comedyκωμωδία (komodía)
dramaδράμα (dráma)
emphasisέμφαση (émfasi)
harmonyαρμονία (armonía)
economyοικονομία (ikonomía)
sarcasmσαρκασμός (sarkasmós)
hierarchyιεραρχία (ierarhía)
characterχαρακτήρας (haraktíras)
telephoneτηλέφωνο (tiléfono)
programπρόγραμμα (prógrama)
gastronomyγαστρονομία (gastronomía)
dialogueδιάλογος (diálogos)
epilogueεπίλογος (epílogos)
oenologyοινολογία (inoloyía)
homophobiaομοφοβία (omofovía)
etymologyετυμολογία (etimoloyía)
asteroidαστεροειδής (asteroidís)
planetariumπλανητάριο (planitário)
utopiaουτοπία (utopía)
photographyφωτογραφία (fotografía)
zoologyζωολογία (zooloyía)
biologyβιολογία (violoyía)
astronomyαστρονομία (astronomía)
telescopeτηλεσκόπιο (tileskópio)
anarchyαναρχία (anarhía)
architectureαρχιτεκτονική (arhitektonikí)
technologyτεχνολογία (tehnoloyía)

In fact, there are so many words of Greek origin in the English language that it’s possible to write large texts—or even entire speeches—in English using almost entirely words of Greek origin. A good example of this is the speech of Mr. Xenophon Zolotas in 1957, who was then the director of the Bank of Greece.

Curious to learn more? You can read an article about this historical speech online.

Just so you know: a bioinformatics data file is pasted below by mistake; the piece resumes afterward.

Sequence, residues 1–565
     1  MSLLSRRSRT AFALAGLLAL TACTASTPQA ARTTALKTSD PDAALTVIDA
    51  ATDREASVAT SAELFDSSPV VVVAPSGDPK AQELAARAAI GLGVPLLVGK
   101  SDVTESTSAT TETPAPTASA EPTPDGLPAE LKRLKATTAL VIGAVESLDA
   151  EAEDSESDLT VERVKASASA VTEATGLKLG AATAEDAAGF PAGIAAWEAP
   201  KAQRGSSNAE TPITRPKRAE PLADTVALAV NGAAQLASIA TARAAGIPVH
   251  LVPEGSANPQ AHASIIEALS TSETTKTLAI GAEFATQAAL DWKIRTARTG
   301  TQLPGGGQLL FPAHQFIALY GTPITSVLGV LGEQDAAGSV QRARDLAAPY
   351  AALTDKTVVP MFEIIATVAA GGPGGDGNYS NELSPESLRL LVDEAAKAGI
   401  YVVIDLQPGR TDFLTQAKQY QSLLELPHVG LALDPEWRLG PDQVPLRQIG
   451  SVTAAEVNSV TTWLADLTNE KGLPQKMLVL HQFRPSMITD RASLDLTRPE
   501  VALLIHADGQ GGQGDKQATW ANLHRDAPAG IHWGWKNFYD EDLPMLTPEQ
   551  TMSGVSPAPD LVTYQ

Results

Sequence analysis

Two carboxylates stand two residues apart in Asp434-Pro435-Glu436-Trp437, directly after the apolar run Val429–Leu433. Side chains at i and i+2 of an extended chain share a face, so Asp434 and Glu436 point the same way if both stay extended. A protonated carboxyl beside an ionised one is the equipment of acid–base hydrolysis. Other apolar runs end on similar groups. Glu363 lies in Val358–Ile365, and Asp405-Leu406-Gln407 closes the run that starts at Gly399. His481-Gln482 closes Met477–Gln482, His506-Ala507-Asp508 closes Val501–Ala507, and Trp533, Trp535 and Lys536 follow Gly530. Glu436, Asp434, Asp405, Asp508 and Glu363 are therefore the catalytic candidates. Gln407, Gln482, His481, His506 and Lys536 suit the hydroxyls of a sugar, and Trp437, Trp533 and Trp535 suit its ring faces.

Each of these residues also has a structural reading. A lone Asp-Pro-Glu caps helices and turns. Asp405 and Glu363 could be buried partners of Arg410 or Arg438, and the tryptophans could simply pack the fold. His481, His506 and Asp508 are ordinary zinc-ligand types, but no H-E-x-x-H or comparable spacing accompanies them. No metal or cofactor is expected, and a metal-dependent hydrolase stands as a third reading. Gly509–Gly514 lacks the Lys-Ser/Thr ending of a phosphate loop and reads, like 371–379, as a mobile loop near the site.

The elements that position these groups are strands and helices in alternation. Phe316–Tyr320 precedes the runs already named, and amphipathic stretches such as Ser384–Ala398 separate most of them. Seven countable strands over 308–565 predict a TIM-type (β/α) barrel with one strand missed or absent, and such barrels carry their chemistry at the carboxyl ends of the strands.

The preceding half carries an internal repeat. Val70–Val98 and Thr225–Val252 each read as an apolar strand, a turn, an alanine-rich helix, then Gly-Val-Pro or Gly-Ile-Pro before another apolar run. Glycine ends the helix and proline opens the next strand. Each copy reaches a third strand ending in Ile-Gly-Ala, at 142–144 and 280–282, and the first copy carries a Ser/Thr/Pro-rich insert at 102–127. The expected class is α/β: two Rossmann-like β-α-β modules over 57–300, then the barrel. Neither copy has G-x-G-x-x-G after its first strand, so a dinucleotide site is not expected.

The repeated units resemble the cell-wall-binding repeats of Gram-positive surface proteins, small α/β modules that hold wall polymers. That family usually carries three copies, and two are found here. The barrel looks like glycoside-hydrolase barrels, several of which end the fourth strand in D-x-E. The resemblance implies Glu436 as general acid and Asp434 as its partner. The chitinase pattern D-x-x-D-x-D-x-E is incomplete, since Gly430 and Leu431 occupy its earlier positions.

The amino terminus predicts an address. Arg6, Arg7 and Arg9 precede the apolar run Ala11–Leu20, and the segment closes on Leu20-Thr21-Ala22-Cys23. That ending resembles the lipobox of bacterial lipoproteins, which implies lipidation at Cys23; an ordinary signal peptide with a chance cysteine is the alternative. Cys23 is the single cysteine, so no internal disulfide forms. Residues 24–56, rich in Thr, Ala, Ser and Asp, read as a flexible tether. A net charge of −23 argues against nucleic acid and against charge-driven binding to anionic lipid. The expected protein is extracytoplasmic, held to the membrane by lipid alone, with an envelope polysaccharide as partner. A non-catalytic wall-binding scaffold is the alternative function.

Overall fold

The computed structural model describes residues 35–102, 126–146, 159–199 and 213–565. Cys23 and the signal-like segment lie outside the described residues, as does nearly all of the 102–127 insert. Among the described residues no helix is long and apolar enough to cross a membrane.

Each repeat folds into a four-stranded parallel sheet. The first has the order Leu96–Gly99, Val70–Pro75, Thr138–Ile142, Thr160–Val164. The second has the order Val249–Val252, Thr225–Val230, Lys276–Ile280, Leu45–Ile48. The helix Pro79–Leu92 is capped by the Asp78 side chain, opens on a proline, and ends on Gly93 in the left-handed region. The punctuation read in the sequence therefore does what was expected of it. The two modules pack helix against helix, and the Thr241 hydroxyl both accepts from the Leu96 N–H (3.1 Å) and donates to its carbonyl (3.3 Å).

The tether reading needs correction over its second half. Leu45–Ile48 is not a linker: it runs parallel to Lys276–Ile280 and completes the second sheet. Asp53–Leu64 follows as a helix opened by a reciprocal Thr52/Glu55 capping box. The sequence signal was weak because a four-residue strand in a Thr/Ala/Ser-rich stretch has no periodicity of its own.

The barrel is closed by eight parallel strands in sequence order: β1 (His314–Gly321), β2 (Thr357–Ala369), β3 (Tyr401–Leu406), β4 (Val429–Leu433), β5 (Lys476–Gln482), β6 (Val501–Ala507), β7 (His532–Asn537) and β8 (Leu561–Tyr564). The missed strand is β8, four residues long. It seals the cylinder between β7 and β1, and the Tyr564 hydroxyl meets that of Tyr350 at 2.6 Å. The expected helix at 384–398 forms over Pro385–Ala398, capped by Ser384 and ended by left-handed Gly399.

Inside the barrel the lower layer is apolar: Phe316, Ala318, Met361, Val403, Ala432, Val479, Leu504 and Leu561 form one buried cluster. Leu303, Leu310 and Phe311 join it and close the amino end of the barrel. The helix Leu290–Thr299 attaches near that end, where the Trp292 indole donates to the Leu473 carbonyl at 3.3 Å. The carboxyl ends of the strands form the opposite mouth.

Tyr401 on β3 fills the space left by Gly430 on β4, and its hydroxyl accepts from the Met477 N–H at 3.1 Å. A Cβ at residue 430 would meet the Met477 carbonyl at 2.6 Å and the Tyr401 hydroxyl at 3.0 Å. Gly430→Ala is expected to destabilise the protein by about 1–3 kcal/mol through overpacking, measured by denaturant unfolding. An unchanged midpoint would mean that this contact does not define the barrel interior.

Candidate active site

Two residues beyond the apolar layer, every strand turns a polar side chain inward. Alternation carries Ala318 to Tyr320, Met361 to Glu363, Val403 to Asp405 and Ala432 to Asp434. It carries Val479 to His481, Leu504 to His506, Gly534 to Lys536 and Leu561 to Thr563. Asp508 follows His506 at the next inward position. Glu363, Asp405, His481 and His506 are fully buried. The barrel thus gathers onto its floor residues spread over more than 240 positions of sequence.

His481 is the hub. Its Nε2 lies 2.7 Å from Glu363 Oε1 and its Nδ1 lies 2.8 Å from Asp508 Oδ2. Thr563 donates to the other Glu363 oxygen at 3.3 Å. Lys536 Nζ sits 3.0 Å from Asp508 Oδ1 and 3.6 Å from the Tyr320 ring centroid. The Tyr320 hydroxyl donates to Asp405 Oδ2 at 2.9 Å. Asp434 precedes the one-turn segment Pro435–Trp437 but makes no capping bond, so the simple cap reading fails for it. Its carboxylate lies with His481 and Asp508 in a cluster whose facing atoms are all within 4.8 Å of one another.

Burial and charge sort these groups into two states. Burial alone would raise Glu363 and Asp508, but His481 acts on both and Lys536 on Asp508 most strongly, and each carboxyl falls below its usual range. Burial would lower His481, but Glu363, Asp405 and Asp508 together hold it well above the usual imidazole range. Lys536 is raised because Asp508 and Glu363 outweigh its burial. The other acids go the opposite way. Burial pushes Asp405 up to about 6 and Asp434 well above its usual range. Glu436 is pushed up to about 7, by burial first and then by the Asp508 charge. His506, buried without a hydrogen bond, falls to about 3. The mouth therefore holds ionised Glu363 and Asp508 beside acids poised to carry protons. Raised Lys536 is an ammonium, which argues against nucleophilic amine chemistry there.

Conclusion

If you’ve reached this point, we’re sure that you’re already amazed by the influence these two languages have had on each other. The most surprising fact is that there are so many Greek words in the English language that, as you can see now, they could be used to create an entire speech!

Many learners of Greek are pleased to know that there are so many familiar words in the Greek language. This definitely makes things easier for novice learners, who tend to get disappointed by the complexity of Greek grammar and spelling. 

On the other hand, Greeklish might seem a viable solution for those who just want to chat casually in Greek. But remember that this peculiar tendency is clearly fading out as the years pass by. Therefore, we wouldn’t recommend using Greeklish (except with really close friends), as it might give a bad impression and, in some cases, even be considered disrespectful. 

At GreekPod101.com, we aim to provide you with everything you need to learn the Greek language in a fun and interesting way. Stay tuned for more articles like this one, word lists, grammar tips, and even YouTube videos, which are waiting for you to discover them!

You can also upgrade to Premium PLUS and take advantage of our MyTeacher program to learn Greek with your own personal teacher, who will answer any questions you might have!

In the meantime, can you think of any other English words that derive from Greek? Let us know in the comments section!